The sun behaind the clouds.

Discussion in 'The Signs of the Times' started by padraig, Nov 26, 2008.

  1. padraig

    padraig New Member

    I heard a very prominent Briitish Politician and Catholic convert, Shirley Williams talking about her faith the other day. She said that her path to understanding was nine parts philosophy and only one part faith. While I think its true that philosophy can indeed bring us to the very gateway of faith the vast majority of people, like myself have not formerly studied subjects such as Pholosophy, theology, logic or metaphysics. For myself the pathway to faith is mostly what I see with the eye of the heart.

    For instance love seems to me to be at the very centre of everything, sometimes in very unusual and extraordinary ways..and since we know God is love this is how we would expect His obedient creation to behave...

    We know for instance that many, many mothers would gladly offer up their lives for their children. Some scientists would say this is not love but self interest. That the mother in sacrificing herself is merely engaging in a selfish effort to protect her own genetic material. However even beyond this we see the most remarkable instances of people laying down their own lives but even for complete strangers. Jesus said:

    John 15:13

    "Greater love has no one than this, that one lay down his life for his friends.


    But the person who lays down his life for a stranger goes even beyond this. Love itself being self giving and the best definiton of the Holy Trinity is love giving love, Father Son and Holy Spirit. As is often portrayed in Russian icons.

    In the life of Saint Maximilian Kolbe we see the sun shinning through the clouds in a totally miraculous fashion as he laid down his life for a complete stranger in the great darkness of a Nazi Concentration Camp:

    The roll call one July morning at Block Fourteen, where Saint Maximilian was being kept, revealed that a prisoner had escaped. Commandant Fritch’s policy in such cases was to assemble all the prisoners from the block in the yard where they would stand at attention the whole day. If, by the end of the day, the escapee had not been recovered, ten others would be chosen at random to die in his place - death by starvation.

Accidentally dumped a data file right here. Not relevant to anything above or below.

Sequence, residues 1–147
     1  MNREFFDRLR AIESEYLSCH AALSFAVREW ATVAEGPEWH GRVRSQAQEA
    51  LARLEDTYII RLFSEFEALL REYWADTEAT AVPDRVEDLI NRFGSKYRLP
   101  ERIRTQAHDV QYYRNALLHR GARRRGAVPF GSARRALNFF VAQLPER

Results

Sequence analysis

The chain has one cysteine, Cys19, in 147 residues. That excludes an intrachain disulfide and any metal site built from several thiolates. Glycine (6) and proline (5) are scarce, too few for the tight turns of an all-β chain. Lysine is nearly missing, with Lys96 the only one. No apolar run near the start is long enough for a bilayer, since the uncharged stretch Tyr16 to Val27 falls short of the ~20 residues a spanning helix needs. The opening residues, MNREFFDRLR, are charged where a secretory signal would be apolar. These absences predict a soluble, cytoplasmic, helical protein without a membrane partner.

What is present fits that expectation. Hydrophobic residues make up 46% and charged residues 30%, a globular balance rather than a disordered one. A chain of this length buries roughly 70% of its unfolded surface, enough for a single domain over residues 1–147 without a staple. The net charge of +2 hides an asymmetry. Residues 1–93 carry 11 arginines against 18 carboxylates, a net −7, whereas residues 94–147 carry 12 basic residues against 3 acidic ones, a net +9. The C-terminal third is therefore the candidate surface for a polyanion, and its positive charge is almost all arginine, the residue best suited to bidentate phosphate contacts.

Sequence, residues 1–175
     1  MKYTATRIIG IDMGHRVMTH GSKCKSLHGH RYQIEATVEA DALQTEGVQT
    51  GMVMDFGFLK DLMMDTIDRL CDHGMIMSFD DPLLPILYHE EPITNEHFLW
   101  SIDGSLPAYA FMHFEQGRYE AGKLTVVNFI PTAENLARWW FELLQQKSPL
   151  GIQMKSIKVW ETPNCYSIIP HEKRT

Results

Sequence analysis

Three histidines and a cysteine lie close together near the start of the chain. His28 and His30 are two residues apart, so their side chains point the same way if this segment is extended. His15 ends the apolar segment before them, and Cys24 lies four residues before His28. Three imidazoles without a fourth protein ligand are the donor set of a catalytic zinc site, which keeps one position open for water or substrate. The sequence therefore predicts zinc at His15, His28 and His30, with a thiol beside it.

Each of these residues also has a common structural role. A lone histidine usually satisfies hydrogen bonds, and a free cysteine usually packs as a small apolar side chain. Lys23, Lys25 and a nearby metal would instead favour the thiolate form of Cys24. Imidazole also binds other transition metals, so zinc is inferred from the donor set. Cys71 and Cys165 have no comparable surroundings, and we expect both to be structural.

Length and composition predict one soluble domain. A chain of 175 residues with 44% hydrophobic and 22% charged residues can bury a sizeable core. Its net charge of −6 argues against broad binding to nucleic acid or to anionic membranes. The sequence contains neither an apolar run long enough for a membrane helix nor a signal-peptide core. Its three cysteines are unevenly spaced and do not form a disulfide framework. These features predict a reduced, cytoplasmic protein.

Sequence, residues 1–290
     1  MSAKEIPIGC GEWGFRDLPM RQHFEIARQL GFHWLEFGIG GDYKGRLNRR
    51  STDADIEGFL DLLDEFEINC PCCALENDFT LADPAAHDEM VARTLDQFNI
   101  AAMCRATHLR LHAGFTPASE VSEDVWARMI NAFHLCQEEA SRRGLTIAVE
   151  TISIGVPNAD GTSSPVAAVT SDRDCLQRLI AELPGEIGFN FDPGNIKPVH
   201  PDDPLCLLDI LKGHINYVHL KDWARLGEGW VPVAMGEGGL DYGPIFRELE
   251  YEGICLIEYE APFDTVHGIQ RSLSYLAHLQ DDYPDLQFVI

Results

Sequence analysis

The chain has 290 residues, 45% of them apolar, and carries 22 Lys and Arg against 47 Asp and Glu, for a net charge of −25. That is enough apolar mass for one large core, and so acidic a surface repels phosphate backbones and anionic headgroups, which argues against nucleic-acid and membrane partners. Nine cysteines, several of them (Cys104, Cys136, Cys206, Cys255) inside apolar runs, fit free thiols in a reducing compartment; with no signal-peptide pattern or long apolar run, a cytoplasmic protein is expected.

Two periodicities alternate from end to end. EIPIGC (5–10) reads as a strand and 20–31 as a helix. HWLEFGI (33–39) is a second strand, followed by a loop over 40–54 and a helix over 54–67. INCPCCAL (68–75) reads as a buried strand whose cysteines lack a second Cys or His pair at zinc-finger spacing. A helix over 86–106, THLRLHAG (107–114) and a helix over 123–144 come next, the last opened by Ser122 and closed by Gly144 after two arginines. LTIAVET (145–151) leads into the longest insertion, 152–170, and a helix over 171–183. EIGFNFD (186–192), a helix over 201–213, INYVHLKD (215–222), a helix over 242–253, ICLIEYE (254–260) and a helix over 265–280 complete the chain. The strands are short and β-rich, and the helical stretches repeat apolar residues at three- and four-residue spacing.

By three o’clock the prisoner was still not found and Fritch selected his victims. One of them, Francis Gajowniczek, cried out, “My poor wife, my poor children! What will happen to my family!” At that moment another prisoner stepped up to the commandant with hat in hand. Fritch bellowed, “What does this Polish pig want?”

    The reply came: “I am a Catholic priest from Poland. I would like to take his place, because he has a wife and children.”

    A Witness recalls, “From astonishment, the commandant appeared unable to speak. After a moment he gave a sign with the hand. He spoke but one word: ‘Away!’ Gajowniczek received the command to return to the row he had just left. In this manner Father Maximilian took the place of the condemned man.”

    From the hour that Father Kolbe descended into the starvation bunker - dark, cold underground cells of torture where human beings were left naked without any food or water to shrivel up and die in unspeakable agony - from that hour a great change came over the horrible place. Its keepers testify that the wailing and cries of suffering that earlier reverberated off the bunker’s walls were now converted into prayers and hymns. The change, in fact, was seen throughout the whole camp. Beatings were less frequent and less severe after the holy man’s sacrifice. Even Fritch himself took no more hostage - victims to die in the place of escapees.

    “Never before,” said the guards, “have we seen anything like this.” When they made their morning rounds at the bunker to remove starvation - consumed corpses, they would find among the heaps of agonized, half-dead victims one who was always in prayer on his knees or standing, one who was always bright and fully conscious, one who was always peaceful and well kept. That one was Father Kolbe. “As if in ecstasy, his face was radiant. His body was spotless, and one could say that it radiated light,” an attendant reports. “I will never forget the impression this made on me.”

    After two weeks, the saintly priest was still alive and in this same beautiful state. The Germans needed the cell, however, and could wait no longer for him to die. On the morning of August 14, 1941, the director of the infirmary came with a syringe loaded with a lethal dose of carbolic acid. Upon entering the saint’s cell, Maximilian cheerfully offered the executioner his arm for the injection, and with it the frail remnant of his life for God. The next day, on the Feast of Our Lady’s Assumption, the body of Saint Maximilian Maria Kolbe was cremated, thus ironically fulfilling his dearest dream of immolating himself completely: “I would like to use myself completely up in the service of the Immaculata, and to disappear without leaving a trace, as the winds carry my ashes to the far corners of the world….”


    {contd}
     

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